[PATCH v6 3/8] parser: Add series parsing

Daniel Axtens dja at axtens.net
Thu Oct 27 10:19:01 AEDT 2016

Hi Stephen,

>> Hopefully I've understood what's going on here:
>>  - first, check for a Series that directly matches this message's
>>    message id (hence the True to find_references)
>>  - then, check for a series that matches an In-Reply-To
>>  - then, check for a series that matches the References, from most
>>    recent to least recent (hopefully!)
>> Is that right?
> Sure is. We prefer locality to the current email where possible. I've 
> added comments to clarify this.


>> I think I would prefer pulling out the check for the Message ID into a
>> different test, rather than the extra flag to find_references - I'm not
>> sure a message ID is a reference in the sense in the usual sense. But
>> I'm not particularly fussy - if you've considered this approach and
>> rejected it for some reason that's fine.
> Nope - it was this way in previous revisions and this seemed cleaner. 
> Reverted to the older approach.


>>> +def _parse_prefixes(subject_prefixes, regex):
>>> +    for prefix in subject_prefixes:
>>> +        m = regex.match(prefix)
>>> +        if m:
>>> +            return m
>>> +
>>> +
>> _first_prefix_match or _first_matching_prefix perhaps?
> Done.


>>> +    regex = re.compile('^[vV](\d+)$')
>>> +    m = _parse_prefixes(subject_prefixes, regex)
>>> +    if m:
>>> +        return int(m.group(1))
>>> +
>>> +    m = re.search(r'\([vV](\d+)\)', subject)
>> Should this regex be precompiled at the head of the file? I also notice
>> you've attempted to compile it at the head of the function, you're just
>> not using the compiled version here...
> Is seems Python caches this for us anyway [1], so I see no real reason. 
> We compile in the first case simply for readability's sake, however, the 
> regexes are not the same so we can't reuse it for the second case (note 
> the additional brackets).
> [1] http://stackoverflow.com/a/452143/613428

Ah - you're right, they are different - sorry I missed that. It's fine
as is then, thanks for clarifying.

>> I must admit I don't quite understand the benefit of creating all the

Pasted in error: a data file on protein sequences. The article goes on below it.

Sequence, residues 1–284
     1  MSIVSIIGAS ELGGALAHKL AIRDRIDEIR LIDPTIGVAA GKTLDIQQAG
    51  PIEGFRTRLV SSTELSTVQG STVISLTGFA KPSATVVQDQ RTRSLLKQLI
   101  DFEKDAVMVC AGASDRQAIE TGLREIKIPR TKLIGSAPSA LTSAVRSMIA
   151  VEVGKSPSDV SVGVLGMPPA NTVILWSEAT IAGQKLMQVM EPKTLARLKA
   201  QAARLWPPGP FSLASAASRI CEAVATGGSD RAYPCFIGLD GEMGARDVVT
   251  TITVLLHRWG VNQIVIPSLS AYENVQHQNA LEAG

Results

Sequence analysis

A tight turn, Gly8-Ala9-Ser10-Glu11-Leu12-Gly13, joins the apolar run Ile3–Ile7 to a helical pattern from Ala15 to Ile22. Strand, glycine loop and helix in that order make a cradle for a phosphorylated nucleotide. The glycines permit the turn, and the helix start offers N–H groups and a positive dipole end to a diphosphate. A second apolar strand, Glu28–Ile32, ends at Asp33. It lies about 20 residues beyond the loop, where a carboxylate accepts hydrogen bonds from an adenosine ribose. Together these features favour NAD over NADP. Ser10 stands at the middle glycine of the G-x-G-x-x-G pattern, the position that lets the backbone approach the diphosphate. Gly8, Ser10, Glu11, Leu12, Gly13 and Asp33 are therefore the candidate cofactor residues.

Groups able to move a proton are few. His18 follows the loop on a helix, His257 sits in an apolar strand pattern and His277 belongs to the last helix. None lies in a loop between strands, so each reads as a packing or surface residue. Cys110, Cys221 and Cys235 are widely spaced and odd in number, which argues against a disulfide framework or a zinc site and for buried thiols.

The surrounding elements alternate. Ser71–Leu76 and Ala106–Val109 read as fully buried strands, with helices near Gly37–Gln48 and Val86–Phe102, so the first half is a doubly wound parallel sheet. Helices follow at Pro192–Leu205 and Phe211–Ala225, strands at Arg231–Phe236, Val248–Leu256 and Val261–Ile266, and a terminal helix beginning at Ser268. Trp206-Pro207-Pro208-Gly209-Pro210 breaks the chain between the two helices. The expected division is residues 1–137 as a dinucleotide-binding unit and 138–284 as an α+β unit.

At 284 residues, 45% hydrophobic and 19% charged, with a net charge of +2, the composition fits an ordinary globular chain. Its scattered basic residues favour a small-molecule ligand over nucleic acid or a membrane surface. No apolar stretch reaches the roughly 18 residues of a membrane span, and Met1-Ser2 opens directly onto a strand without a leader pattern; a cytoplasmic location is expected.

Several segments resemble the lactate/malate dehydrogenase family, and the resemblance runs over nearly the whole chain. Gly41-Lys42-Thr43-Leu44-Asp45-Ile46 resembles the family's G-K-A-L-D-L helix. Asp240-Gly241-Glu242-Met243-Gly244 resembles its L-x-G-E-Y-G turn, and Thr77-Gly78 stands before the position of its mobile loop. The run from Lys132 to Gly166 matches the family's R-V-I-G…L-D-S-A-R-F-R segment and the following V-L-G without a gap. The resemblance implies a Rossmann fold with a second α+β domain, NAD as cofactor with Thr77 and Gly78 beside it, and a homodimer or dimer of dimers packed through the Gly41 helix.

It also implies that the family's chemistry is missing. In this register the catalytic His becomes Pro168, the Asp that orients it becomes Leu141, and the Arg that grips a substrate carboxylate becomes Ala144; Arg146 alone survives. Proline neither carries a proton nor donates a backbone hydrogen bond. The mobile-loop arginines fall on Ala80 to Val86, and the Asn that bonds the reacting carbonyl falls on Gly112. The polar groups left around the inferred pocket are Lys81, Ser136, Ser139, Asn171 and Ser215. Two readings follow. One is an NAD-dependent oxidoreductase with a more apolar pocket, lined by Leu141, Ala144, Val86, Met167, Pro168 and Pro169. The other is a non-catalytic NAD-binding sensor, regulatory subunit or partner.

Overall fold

>> series references straight away. What is the advantage of creating them
>> here as opposed to when the subsequent patches are received? (I could 
>> be
>> completely misunderstanding some key part of the parsing here -
>> apologies if so!)
> The key reason is to handle patches received out-of-order. Without 
> storing references, we have no way to identify a relationship between 
> the two patches as the RFC822 headers (References, Message-Id, 
> In-Reply-To) only refer to older, prior mails. This fixes that issue.
> FWIW, another idea was to store the root message ID against the series 
> (I think the freedesktop fork does this), but doing so would require 
> some magic for deeply threaded series (where each patch in sent in reply 
> to the previous patch). In addition, I don't think any amount of magic 
> would work for series sent in reply to a previous series.
Ah, OK. I'm convinced then :)

>>> +            try:
>>> +                series = 
>>> SeriesReference.objects.get(msgid=msgid).series
>>> +            except SeriesReference.DoesNotExist:
>>> +                series = None
>> django shortcuts has a get_object_or_None - I'll leave it to you to
>> weigh whether or not the brevity is worth the additional dependency.
> I don't think it is. TBH, if we could get rid of the non-Django 
> dependencies we do have, I'm sure we'd make some kernel.org sysadmins 
> very happy. Alas, django-rest-framework is far too good to ignore.

That's a completely fair call.

For your next revision:
Reviewed-by: Daniel Axtens <dja at axtens.net>

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